May 29, 2008

Early heroes of the blogosphere

During [Thomas Paine's] years in Lewes, a great and endless political struggle captivated the entire nation, and its central figure was John Wilkes. Son of a maltster, parliamentarian for Aylesbury, and member of the notorious Hell-Fire Club, Wilkes loved nothing more than to attack King George III and his ministers — along with George's very own mother — in the pages of his newspaper, the North Briton. The government replied by having Wilkes thrown into the Tower, but the lord chief justice ruled this a violation of the parliamentary privilege, and he was released. Asked at the time to define the limits of free speech in Britain, Wilkes said, "I cannot tell, but I am trying to find out."

The government would not be stopped. While Wilkes was visiting his daughter in Paris for Christmas (and recovering from a duel), Lord Sandwich led a successful campaign to have him expelled from the House of Commons. Now stripped of privilege, Wilkes was quickly tried and convicted of seditious libel and, when he decided not to return from France, declared an outlaw. After running out of money, however, he was forced to come home, where he immediately won a seat in Parliament for Middlesex and turned himself over to the authorities, who responded with a sentence of two years' imprisonment. Wilkes sought a pardon, and Whitehall arranged to expel him from the Commons once again. His bravery against the state had made him one of the most popular figures in Britain, however, and he was immediately restored to his seat by the voters of Middlesex.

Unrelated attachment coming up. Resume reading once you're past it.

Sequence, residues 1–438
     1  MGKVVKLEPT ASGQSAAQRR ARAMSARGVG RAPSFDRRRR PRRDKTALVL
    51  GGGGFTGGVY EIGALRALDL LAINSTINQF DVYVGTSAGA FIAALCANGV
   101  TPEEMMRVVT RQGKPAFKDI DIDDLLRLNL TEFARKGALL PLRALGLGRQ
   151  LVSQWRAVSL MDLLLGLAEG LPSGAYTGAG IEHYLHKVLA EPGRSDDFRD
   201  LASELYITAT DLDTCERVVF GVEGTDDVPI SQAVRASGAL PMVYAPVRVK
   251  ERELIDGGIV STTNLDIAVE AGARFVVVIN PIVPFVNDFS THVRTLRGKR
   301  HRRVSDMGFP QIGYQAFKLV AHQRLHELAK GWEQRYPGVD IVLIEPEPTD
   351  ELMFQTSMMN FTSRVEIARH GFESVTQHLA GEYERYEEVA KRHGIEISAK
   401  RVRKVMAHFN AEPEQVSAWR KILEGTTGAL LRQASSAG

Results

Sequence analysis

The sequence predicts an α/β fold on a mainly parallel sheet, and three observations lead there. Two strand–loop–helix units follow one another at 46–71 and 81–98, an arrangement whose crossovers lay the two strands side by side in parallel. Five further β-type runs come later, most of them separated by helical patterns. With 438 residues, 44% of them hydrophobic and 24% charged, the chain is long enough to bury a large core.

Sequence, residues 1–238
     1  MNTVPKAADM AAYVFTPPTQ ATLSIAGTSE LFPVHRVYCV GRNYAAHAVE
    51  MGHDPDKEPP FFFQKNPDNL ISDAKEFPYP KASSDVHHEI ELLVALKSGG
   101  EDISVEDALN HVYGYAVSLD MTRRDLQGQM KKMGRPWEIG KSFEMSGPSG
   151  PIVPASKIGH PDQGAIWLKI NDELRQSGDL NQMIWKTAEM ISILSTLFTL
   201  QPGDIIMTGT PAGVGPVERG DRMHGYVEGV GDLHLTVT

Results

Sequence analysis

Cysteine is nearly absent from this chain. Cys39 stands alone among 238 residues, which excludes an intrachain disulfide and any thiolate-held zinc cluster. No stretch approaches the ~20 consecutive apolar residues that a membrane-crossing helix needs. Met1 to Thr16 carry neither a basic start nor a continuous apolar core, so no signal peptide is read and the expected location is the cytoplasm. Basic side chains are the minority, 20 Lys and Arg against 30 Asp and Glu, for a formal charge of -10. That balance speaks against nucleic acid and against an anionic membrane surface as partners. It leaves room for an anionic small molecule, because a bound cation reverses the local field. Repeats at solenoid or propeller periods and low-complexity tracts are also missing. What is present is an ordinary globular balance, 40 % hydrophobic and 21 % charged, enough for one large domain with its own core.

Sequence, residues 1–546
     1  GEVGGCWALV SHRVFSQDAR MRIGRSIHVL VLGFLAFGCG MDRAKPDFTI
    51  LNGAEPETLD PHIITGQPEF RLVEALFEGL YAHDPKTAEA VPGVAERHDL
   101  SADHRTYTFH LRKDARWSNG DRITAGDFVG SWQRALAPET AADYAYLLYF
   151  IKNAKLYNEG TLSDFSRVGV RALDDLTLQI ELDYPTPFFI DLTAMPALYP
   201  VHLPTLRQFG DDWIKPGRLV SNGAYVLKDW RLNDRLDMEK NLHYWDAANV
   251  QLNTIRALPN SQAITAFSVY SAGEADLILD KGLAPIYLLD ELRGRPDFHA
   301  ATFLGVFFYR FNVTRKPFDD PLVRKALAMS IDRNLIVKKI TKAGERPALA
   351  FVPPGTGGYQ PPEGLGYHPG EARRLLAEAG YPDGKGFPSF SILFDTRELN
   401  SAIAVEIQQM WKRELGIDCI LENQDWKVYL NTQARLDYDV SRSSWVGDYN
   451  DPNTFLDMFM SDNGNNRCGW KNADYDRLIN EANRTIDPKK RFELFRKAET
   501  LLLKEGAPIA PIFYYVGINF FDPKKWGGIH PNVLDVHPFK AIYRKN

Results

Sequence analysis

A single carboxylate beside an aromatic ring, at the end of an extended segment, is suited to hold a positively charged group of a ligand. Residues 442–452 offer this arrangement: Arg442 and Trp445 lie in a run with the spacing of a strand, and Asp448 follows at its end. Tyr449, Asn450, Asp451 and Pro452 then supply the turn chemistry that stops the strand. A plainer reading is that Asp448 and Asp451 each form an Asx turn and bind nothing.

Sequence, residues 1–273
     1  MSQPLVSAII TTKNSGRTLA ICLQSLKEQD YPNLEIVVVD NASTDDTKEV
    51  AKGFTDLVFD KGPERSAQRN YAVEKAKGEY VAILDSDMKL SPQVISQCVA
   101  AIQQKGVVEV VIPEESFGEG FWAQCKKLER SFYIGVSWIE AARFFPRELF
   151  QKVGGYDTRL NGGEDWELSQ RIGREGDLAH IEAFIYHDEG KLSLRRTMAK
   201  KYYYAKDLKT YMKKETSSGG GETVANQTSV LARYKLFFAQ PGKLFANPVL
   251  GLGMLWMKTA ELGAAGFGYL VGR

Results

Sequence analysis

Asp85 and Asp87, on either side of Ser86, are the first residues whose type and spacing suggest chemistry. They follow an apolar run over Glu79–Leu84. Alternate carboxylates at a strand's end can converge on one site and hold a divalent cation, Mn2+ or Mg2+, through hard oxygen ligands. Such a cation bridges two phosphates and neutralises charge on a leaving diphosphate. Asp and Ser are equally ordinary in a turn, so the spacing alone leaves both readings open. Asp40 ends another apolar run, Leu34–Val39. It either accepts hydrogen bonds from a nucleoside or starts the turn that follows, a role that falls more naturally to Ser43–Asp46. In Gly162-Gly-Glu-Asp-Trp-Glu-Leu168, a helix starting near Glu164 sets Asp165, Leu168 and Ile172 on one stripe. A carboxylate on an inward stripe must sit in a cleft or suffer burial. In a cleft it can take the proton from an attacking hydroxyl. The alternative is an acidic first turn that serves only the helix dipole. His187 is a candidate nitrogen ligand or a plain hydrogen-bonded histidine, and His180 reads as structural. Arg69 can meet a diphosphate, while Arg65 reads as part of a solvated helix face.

The story of John Wilkes was a dramatic illustration of government corruption abridging the sacred and traditional rights of a free Englishman, and it would resonate strongly with the American founders, including Thomas Paine. Additionally, Paine would seem to inherit something of Wilkes's style of provocation, with the bon mots of both men passed along at every level of society. While attacking George III, Wilkes was invited to play a game of cards. He replied, "Do not ask me, for I am so ignorant that I cannot tell the difference between a king and a knave." When Sandwich predicted that Wilkes would die from the pox or the gibbet, Wilkes responded, "That depends, my lord, whether I embrace your mistress or your principles."

— Craig Nelson, Thomas Paine, pp. 41-2.


Emily said...

Oh man, they just don't make bon mots like they used to.

illusory tenant said...

I know! I wonder if he got slapped with a glove for that last one.